Digital Editions: Variant Readings and Interpretations

  1. 1. Dino Buzzetti

    Department of Philosophy - Università di Bologna (University of Bologna)

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Textual mobility and fluidity is almost a norm in
various genres of medieval literary production.
Alternative readings in different manuscripts do
not usually confine themselves to mere accidents
of textual reproduction. Sources of this kind suggest on reflection that the traditional goal of assessing the text in the most reliable way, that is
through a critical edition following the classical
rules of philology, could be neither feasible nor
desirable. The very idea of making clear-cut choices based upon collation seems to be neither applicable, nor altogether sound. On the contrary, an
appropriate editorial policy requires that also the
so-called alternatives should be edited as text. A
database representation of the entire textual tradition provides an obvious solution to this problem
and in notable cases a database comprising the
encoded diplomatic transcriptions of all the extant
manuscripts has been actually constructed. A database representation keeps closer to the varied
and diversified nature of medieval textuality and
contributes to its critical analysis in a way that
overcomes the insurmountable limitations of the
printed form of textual representation. Many medieval texts are fluid and dynamic, but as reproduced in a printed book they become fixed and
immutable: the form of representation is forced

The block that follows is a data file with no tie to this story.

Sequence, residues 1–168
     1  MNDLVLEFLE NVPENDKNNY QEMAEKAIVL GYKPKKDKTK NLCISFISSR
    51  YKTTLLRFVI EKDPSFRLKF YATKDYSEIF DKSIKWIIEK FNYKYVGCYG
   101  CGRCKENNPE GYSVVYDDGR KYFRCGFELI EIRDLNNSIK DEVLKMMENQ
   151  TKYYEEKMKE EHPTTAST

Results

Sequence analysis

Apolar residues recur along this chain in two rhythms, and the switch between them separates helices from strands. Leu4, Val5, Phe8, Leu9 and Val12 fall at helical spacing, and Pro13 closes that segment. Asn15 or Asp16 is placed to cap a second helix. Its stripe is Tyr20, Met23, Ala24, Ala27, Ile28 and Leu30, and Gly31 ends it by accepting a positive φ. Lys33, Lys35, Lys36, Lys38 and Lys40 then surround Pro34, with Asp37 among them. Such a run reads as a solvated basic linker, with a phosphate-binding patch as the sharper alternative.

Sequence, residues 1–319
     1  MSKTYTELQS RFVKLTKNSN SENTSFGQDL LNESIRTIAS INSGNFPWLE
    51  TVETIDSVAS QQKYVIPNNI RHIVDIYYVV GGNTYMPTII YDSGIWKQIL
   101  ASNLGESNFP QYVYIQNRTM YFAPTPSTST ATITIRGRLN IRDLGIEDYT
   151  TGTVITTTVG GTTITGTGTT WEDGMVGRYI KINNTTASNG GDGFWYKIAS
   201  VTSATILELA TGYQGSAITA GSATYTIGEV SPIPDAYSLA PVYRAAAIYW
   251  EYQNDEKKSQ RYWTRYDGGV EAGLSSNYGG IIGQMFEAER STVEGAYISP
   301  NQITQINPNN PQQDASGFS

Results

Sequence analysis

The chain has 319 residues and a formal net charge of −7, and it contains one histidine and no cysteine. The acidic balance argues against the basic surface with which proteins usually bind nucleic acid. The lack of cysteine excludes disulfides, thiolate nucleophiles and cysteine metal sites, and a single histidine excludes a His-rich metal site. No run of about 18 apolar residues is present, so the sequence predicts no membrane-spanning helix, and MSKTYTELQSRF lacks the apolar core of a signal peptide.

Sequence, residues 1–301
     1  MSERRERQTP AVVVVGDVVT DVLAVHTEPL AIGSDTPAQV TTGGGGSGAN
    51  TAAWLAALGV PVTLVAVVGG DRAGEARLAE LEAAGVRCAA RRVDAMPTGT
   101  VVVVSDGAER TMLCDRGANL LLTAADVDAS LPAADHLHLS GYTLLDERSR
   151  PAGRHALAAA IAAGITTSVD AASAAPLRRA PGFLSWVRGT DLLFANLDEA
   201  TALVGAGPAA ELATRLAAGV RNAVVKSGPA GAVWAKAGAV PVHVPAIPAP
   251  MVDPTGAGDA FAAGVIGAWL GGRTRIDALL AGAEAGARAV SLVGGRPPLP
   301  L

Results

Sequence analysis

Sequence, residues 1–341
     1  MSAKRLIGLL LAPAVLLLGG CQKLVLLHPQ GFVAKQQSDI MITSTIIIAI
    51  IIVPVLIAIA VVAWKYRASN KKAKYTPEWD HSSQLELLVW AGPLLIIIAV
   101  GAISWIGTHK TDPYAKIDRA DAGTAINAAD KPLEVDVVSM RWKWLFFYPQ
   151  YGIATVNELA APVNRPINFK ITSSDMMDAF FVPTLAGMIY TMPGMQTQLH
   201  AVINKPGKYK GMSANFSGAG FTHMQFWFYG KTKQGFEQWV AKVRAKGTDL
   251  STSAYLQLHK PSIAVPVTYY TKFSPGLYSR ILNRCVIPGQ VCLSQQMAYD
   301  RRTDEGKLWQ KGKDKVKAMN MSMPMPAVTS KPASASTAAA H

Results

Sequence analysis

upon the form of what is to be represented. A
database representation offers a viable alternative
in cases where the printed model, the classical
model of textual representation is not altogether
The new form of textual representation provided
by a database of transcriptions can be further improved by means of digitized images integrated
into it. A digital image is logical data and is not to
be thought of as a mere physical reproduction of a
manuscript document. A digital image can be processed; it can be linked with transcriptions; it
provides elements for interpretation and analysis.
Therefore, a digital image is to be conceived as a
direct representation of textual content and not as
a substitute for an absent document. In this respect,
it is on a par with a digital transcription, which
needs not replicate a physical document, another
form of textual representation, but can be taken in
itself as a direct form of representation of textual
information. But a digital transcription is a form
of representation of a new kind, and a digital image
just as well. Digitized images and transcriptions
are to be thought of as processable data. And a
processable representation of a text is a form of
textual representation very different from a nonprocessable one. What makes two different forms
of representation a representation of the same text
is their invariance with respect to their information
content. What makes two representations of the
same text two different forms of representation is
their difference with respect to processing and
The fundamental feature of a textual representation in digital form – what makes it essentially different from any other one – is therefore its
liability to processing. And there seems to be more
point in this observation than just stating a platitude. For, in this respect, the very problem of
textual representation in a digital form becomes
the following one: how can a digital representation
of textual information be effectively structured
and processed in view of a specified analytical
purpose? Now, one of the basic purposes of textual
criticism is the analysis of variant readings, an
analysis of the different forms of representation of